The Helicopter Strake Solution
By: Sheri Beam
One of the issues for a helicopter is loss of tail rotor effectiveness (LTE).
If not controlled by the pilot, LTE can cause the helicopter to crash.
During the 1980s, researchers at NASA's Langley Research Center worked with the Army to
improve helicopter design to solve the LTE issue.
Henry Kelley, now retired from Langley, was a member of that research team.
"From our (wind tunnel) measurements, we learned that the fuselage by itself
was contributing to the directional control requirements for the
helicopter," Kelley said.
The team discovered that the main rotor downwash was accelerating around the
tailboom, creating unwanted air pressures and problems in controlling the
After wind tunnel and computational testing, they developed a technology
solution for the problem: tail strakes. A strake is a protruding element
mounted to the exterior of an aircraft to improve aerodynamic stability.
Kelley said that the team believed it could, in effect, spoil the unwanted
air flow around the tailboom by installing strakes on it. Eventually, the
team decided to use two strakes, an upper and a lower, mounted on the tail
boom. The data showed that the placement of two strakes improved the
stability of the helicopter, which also meant better performance.
But, the Langley research was never applied to commercial helicopters until
1998, when Robert Desroche, owner of BLR Aerospace Inc. of Everett, Wash.,
an aerodynamicist and a pilot, read a paper about the Langley helicopter
"He saw that from Langley estimates on the percentage of pedal margin
improvement from managing the airflow with the strake technology, you could
create anti-torque without investing additional energy," says Dave Marone,
Vice President, Sales & Marketing, BLR Aerospace.
That is particularly important to helicopter owners and pilots who have to
carry heavy loads and stay in extended hovering maneuvers.
BLR obtained an exclusive license for the Langley technology. With the
license, the firm began working with helicopters. By using the results of
the studies, BLR also began to develop products. Although the strake
technology is not novel‹it has been used on boats for centuries‹BLR
optimized the design and figured out just where to place the strakes on the
helicopter's tailboom. Eventually, the company patented a dual-strake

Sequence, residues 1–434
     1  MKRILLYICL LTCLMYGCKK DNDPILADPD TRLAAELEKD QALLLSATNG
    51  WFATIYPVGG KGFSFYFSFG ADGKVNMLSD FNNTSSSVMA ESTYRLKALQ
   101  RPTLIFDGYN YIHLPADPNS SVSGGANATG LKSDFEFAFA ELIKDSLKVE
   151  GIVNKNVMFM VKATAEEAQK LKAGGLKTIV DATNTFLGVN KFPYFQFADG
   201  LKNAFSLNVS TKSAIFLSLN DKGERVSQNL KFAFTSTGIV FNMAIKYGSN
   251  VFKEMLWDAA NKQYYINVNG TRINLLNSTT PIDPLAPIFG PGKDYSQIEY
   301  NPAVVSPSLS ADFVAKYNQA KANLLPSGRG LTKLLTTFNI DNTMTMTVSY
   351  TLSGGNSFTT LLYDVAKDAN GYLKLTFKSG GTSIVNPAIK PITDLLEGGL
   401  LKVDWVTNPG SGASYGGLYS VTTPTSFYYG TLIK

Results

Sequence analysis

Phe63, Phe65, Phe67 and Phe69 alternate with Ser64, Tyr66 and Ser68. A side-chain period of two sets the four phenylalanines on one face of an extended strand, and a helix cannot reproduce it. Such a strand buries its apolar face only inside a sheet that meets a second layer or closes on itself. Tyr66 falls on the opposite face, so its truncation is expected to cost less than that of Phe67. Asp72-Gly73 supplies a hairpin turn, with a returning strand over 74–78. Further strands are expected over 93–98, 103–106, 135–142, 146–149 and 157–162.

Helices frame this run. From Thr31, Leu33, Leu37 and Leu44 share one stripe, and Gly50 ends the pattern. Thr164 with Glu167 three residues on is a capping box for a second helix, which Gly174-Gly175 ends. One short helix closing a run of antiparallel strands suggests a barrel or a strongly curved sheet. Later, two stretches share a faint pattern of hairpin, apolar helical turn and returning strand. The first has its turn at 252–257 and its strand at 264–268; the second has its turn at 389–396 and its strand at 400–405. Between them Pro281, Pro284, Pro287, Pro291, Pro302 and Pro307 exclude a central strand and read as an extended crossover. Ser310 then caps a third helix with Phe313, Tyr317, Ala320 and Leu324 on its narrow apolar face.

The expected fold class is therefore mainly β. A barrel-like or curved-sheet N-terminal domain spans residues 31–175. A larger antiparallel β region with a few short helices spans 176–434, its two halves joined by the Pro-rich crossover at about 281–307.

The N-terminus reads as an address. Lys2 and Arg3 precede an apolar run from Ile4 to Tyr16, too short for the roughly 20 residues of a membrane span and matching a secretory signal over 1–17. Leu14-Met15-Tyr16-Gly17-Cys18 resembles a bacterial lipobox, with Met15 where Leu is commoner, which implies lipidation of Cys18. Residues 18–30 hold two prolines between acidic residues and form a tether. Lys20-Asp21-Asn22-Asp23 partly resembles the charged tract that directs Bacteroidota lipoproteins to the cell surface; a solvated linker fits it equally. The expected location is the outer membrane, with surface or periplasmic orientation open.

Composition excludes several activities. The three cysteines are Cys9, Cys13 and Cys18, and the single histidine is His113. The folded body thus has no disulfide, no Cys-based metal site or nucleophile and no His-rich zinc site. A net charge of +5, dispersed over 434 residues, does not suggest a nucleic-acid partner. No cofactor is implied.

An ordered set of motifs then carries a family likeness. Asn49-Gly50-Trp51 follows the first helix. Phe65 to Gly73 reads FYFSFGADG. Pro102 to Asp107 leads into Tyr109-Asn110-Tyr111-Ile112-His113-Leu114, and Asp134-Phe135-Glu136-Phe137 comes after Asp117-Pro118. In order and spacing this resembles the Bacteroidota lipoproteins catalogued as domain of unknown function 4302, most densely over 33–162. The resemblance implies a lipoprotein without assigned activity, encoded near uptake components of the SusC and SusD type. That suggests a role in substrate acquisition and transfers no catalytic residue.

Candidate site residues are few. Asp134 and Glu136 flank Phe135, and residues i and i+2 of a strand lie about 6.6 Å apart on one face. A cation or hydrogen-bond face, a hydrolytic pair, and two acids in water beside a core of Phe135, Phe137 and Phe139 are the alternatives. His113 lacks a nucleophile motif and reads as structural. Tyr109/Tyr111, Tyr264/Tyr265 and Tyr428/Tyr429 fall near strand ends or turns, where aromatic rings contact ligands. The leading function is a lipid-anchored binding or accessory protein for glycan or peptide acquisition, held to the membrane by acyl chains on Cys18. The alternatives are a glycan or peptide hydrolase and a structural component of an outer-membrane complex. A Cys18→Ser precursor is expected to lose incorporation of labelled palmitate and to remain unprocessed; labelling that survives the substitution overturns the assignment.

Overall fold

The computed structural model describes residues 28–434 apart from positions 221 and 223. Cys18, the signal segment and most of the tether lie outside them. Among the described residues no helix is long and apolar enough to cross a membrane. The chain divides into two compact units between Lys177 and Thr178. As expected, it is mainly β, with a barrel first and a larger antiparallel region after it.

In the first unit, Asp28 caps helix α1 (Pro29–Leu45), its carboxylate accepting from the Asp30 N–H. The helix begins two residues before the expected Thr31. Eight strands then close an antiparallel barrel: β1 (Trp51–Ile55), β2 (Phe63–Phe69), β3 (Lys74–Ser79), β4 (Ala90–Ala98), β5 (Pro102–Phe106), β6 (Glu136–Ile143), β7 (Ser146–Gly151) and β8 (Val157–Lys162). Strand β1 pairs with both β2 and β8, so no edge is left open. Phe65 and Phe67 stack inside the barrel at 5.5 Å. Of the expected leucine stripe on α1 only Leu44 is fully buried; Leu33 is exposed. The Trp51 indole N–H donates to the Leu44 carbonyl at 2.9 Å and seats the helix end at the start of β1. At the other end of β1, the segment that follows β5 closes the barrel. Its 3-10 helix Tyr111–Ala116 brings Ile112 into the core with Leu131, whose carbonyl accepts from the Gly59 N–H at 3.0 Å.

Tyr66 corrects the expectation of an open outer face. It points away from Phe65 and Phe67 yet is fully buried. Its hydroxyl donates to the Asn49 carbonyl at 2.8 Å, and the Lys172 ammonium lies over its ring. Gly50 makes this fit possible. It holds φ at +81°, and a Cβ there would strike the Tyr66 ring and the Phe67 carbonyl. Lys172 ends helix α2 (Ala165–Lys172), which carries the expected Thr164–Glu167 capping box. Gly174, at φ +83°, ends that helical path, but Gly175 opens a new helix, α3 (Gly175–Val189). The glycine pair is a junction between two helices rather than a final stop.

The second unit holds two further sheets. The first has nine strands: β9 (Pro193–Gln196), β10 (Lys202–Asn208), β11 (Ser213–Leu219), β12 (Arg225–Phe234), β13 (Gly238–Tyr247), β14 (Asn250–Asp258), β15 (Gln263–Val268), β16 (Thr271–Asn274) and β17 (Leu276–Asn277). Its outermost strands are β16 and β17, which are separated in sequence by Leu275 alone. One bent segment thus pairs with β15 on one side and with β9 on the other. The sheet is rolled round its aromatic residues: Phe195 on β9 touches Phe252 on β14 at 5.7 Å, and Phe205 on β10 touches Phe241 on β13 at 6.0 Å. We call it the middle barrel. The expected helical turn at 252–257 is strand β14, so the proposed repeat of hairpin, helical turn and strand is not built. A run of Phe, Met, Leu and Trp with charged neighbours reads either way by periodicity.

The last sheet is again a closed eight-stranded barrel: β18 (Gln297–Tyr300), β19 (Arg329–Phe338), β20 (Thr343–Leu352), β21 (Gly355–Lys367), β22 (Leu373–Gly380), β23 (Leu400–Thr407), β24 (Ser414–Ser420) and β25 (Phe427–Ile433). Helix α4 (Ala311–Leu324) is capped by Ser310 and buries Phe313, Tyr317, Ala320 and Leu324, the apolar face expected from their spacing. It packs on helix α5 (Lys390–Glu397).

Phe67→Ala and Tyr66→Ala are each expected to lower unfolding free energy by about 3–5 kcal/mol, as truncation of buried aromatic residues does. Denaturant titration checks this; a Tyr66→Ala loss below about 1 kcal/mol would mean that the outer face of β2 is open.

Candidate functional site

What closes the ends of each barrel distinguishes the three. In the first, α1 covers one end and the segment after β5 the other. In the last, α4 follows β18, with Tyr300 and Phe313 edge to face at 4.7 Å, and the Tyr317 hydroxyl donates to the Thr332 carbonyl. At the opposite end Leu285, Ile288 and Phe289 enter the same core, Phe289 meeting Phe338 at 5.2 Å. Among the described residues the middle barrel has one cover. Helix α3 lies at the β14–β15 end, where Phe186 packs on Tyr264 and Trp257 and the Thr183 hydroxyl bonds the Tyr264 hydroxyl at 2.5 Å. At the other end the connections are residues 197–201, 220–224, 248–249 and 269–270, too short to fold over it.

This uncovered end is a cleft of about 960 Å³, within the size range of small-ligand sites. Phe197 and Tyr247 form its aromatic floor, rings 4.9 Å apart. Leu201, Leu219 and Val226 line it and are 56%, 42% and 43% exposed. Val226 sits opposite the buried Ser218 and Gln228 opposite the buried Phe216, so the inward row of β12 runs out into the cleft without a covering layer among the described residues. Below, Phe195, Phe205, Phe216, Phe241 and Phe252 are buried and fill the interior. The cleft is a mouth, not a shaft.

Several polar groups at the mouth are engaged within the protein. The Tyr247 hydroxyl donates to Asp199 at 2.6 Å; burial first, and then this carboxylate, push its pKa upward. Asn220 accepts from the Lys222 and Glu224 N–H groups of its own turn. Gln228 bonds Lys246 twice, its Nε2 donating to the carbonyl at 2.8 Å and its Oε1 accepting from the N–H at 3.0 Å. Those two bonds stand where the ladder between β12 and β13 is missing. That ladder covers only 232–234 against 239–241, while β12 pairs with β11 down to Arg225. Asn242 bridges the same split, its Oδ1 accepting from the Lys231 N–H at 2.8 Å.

technology, which has received FAA certification.
The dual strakes are easily applied to the tailboom of a helicopter. As the
Langley researchers determined, a helicopter outfitted with the technology
has better performance and is more efficient.
"It reclaims energy from the main rotor, gaining about 10% of anti-torque by
using the tailboom creatively," Marone said. "With two strakes, one spoils
the airflow on the left but it continues on the right. This creates an
additional 91% in useful load for the Bell 412EP medium helicopter."
That means less time spent in the air and cost savings, especially for
helicopters carrying heavier loads.
With the BLR strake system, helicopters used by Emergency Medical Services,
firefighters, humanitarian organizations, off-shore oil industry, the
military and others are able to carry 100% of their loads versus 80-90%
without the system.
Marone believes that by working with NASA to integrate the strake technology
into their products, BLR is able to affect a change on various Bell
"The dual tailboom strake system has been incorporated into BLR’s FastFinâ
system and both work well together," he said. "The NASA technology provides
an added level of stability, because the lower of two strakes ejects the
turbulent breakdown and moves it away from tailboom and reduces the pressure
It's also safer.
BLR is working with Bell on installing the technology on other models.
Henry Kelley continues to work as a consultant for BLR.
The Researcher News
NASA Langley Research Center
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